Monica Sus, founder of the Family Centre, said they offer homeless people food from 11 a.m. to 3 p.m., but do not operate as a shelter.
“At no time have we ever been a shelter or did we ever have anything to do with homelessness. We are totally anti-drug people. We have a licensed dietician who comes and volunteers. We have someone from the health unit that volunteers,” Sus said.
“We give people a soup and a sandwich. That is what we do. The problem is there is no solution to the drug problem. If there was a solution to the drug problem, we would not have a drug problem in our society.”
Both Gray and Caul said they have sympathy for homeless people. Gray said Camie, his wife, makes homemade face masks and sells them at the Rainy Lake Square market. He said half of her proceeds go to the Bear Clan Patrol which is made of volunteers who pick up needles and safely dispose of them.
“I feel for the homeless people, don’t get me wrong and drug addicts is very hard to stop,” Gray said. “But unless you have the right knowledge, right education, you’re not doing anything except catering to their needs.”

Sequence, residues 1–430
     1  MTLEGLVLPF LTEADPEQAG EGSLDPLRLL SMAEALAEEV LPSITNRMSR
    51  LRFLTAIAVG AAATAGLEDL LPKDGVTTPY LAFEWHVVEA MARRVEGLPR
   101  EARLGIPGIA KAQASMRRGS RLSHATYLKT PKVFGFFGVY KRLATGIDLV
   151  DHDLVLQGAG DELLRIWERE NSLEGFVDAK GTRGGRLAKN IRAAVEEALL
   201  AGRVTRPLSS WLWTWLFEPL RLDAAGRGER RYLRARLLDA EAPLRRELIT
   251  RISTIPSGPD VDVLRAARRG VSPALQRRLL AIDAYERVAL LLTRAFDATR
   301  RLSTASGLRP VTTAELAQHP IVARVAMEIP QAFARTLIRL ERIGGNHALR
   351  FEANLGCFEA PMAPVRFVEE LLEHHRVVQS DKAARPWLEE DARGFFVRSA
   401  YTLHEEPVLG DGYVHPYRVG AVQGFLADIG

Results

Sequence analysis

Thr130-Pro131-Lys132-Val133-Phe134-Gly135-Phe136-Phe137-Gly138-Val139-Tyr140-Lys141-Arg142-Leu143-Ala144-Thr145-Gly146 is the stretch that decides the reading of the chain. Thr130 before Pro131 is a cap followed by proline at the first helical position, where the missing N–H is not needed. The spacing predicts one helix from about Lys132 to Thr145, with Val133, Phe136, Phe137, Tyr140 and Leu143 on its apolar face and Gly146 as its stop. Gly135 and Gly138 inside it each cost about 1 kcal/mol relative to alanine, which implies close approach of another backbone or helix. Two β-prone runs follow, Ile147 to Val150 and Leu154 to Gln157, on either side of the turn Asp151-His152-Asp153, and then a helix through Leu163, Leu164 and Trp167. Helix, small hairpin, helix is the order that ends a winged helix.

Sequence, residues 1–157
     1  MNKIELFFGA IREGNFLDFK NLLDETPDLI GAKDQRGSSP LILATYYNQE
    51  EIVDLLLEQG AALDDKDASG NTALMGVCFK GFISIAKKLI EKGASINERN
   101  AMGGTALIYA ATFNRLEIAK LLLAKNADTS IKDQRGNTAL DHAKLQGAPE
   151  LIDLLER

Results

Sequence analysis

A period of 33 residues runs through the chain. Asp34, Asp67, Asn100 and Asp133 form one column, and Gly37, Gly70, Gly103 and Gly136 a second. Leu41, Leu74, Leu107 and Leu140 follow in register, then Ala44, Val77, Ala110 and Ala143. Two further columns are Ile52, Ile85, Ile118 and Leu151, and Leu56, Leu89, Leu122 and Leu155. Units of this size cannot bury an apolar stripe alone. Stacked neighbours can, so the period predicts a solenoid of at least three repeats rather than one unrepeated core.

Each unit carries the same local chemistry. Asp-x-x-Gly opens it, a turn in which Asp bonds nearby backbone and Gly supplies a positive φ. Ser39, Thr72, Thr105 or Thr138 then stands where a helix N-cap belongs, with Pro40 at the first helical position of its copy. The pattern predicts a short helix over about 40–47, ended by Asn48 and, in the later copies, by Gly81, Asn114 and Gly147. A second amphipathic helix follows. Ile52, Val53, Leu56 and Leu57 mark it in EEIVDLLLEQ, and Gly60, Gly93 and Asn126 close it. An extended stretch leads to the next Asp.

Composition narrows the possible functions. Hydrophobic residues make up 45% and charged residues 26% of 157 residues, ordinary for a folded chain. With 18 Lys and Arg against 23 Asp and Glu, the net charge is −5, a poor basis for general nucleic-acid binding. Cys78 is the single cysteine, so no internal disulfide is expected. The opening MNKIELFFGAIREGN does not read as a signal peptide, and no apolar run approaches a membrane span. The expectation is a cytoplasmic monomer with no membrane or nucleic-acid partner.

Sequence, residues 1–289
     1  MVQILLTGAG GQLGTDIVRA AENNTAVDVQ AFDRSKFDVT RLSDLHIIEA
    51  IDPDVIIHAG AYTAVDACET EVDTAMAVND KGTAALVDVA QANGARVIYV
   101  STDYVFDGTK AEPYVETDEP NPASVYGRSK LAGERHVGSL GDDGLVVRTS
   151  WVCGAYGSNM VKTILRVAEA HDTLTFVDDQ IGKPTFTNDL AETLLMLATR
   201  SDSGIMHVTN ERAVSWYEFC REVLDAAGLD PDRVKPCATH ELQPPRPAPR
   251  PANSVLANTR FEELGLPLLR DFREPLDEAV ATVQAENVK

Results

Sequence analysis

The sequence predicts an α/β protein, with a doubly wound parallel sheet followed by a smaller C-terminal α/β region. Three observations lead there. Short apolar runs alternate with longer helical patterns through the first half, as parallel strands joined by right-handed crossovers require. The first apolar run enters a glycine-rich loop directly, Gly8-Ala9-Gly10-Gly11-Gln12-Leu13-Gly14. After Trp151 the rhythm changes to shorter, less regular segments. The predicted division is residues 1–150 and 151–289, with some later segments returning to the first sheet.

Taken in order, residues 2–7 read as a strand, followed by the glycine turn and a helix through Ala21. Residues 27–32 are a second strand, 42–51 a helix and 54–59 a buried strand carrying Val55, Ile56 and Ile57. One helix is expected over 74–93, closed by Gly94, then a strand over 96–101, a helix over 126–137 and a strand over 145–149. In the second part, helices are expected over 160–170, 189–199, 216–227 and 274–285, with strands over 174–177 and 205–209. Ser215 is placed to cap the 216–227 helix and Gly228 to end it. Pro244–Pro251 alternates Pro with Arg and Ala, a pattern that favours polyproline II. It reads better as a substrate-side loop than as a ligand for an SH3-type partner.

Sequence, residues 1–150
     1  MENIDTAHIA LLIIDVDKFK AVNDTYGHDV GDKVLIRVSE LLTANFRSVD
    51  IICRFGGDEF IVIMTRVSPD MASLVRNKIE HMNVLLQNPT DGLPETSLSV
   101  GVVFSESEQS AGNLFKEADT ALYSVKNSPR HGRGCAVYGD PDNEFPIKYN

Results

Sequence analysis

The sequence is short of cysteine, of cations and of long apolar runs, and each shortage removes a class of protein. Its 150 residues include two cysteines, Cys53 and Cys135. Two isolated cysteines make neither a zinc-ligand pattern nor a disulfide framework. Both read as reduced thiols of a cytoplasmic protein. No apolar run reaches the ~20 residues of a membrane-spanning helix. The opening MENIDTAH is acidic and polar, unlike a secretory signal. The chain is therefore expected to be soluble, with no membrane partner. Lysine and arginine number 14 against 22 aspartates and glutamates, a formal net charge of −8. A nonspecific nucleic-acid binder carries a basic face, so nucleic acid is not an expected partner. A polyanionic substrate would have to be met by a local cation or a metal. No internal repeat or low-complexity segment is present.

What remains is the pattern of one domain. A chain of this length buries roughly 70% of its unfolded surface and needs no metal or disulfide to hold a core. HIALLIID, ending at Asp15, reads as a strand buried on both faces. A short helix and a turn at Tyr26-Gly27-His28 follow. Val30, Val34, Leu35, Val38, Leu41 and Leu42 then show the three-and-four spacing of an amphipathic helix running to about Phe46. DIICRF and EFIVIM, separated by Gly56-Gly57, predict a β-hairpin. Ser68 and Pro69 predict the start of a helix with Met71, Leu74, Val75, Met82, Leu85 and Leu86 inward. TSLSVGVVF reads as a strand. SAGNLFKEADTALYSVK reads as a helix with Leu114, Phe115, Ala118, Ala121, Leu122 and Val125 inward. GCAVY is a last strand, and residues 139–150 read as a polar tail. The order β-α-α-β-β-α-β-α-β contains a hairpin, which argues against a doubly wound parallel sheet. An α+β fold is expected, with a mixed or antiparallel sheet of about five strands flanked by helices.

The Family Centre are doing a service by feeding the homeless, Caul said. But she said she believes that there needs to be proper mental health workers and counsellors available to help the people who are in need of help.
“When you have a facility and you are opening the doors to provide them with some assistance, I truly believe that assistance needs to come with mental health workers, with counselling,” Caul said. “We need those community partners so that there is help available on site. It is not giving them everything that they need.”
Sus said they cannot turn people away. With COVID still active, those with nowhere to go need a place to be, so they’ve given them space to pitch tents. “Our society provides no institution for them to live in. This has nothing to do with the neighbours. They have no place to go,” she added.
On the flip side of the coin, Caul said although she appreciates the efforts of the Family Centre, to keep people in need fed, they are not in a position to provide them life skills to help them move forward.
“We need a place where we can teach them some life skills, help them to write a resume. Help them to try to find a job. This is the piece missing from the puzzle. These people are not out there because they want to be,” Caul said.
“They do not want to be living in a tent or out freezing in the cold in the winter. They want a better life and they want to make themselves better and they want to be productive in society, but they need the tools and the help from the community.”
Should any resident see a needle or something that needs to get reported, McEwen said, they should call the police right away.
“It is really important that they contact us through the communication centre and formally report it so that we can find factual information and we can get people the resources they need such as medical resources, investigation patrols,” McEwen added.